Regional police students learn post-Genocide transformation

Rev. Antoine Rutayisire of Remera Anglican Church in Kigali has challenged security organs on the African continent to be patriotic and stay focused to their mandates to ensure sustainable security in their respective countries.

Rev. Antoine Rutayisire of Remera Anglican Church in Kigali has challenged security organs on the African continent to be patriotic and stay focused to their mandates to ensure sustainable security in their respective countries.

He said the 1994 Genocide against the Tutsi was inevitable because security organs of the then ruling regime had breached their mandate and instead aided in the planning and killing of fellow Rwandans.

Rutayisire made the remarks on Wednesday at Kigali memorial centre while responding to questions raised by Police students from regional countries attending the ‘Police Senior Command and Staff Course’ at the National Police College (NPC) in Musanze District.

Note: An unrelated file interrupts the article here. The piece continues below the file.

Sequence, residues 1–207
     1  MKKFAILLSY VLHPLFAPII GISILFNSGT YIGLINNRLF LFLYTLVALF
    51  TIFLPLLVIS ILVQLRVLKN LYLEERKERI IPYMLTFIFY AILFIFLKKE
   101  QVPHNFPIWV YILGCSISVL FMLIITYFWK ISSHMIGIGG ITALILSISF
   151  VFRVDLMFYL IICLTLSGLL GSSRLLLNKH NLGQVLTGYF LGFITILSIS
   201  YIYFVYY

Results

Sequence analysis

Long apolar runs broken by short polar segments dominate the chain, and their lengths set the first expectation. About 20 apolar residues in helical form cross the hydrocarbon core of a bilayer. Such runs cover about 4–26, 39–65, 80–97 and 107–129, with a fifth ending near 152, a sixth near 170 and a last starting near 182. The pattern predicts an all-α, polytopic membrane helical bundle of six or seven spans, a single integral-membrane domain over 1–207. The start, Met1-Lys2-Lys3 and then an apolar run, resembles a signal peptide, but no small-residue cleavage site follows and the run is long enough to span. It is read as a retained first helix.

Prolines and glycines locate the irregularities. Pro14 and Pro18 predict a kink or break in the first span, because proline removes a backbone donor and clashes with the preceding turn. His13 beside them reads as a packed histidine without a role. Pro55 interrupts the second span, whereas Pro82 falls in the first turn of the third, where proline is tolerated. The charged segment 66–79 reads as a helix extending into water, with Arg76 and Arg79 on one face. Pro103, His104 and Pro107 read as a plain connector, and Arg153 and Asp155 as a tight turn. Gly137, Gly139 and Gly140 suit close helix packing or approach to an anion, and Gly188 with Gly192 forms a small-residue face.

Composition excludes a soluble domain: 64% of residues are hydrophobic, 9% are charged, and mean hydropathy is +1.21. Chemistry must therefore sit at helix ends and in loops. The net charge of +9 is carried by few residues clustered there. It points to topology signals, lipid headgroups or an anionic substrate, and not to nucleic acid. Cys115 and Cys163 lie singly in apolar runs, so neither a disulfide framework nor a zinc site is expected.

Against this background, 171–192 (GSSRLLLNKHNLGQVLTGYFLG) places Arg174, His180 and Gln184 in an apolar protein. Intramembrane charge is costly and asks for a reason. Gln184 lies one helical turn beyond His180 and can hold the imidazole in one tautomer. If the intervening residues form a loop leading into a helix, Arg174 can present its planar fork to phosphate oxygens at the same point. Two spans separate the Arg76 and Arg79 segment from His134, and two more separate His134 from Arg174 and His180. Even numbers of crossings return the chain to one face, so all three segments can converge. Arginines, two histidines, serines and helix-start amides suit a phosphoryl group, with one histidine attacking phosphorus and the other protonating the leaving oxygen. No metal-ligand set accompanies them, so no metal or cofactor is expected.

A total of 22 police officers from nine regional countries are attending the course after which they will graduate with a Masters Degree in Peace Studies and Conflict Transformation.

They had visited the memorial centre as part of their studies and to also pay tribute to the Genocide victims.

“Genocide cannot happen unless the army and police are involved,” Rutayisire said.

He faulted international courts that have freed some officers responsible for the Genocide. The officers asked various questions related to Gacaca, the semi-traditional courts, among others.

Rev. Rutayisire said Rwanda has embarked on a transformation path through home-grown development initiatives such as Gacaca and Ndi Umunyarwanda, that have helped reconcile and unite Rwandans.

Gacaca judicial system was established in 2002 to speed up Genocide trials, establish the truth about the Genocide, fight impunity and help reconcile Rwandans.

“It is terrible to see people killing fellow citizens,” Supt. Ephantus Kariuki from Kenya, said.

 

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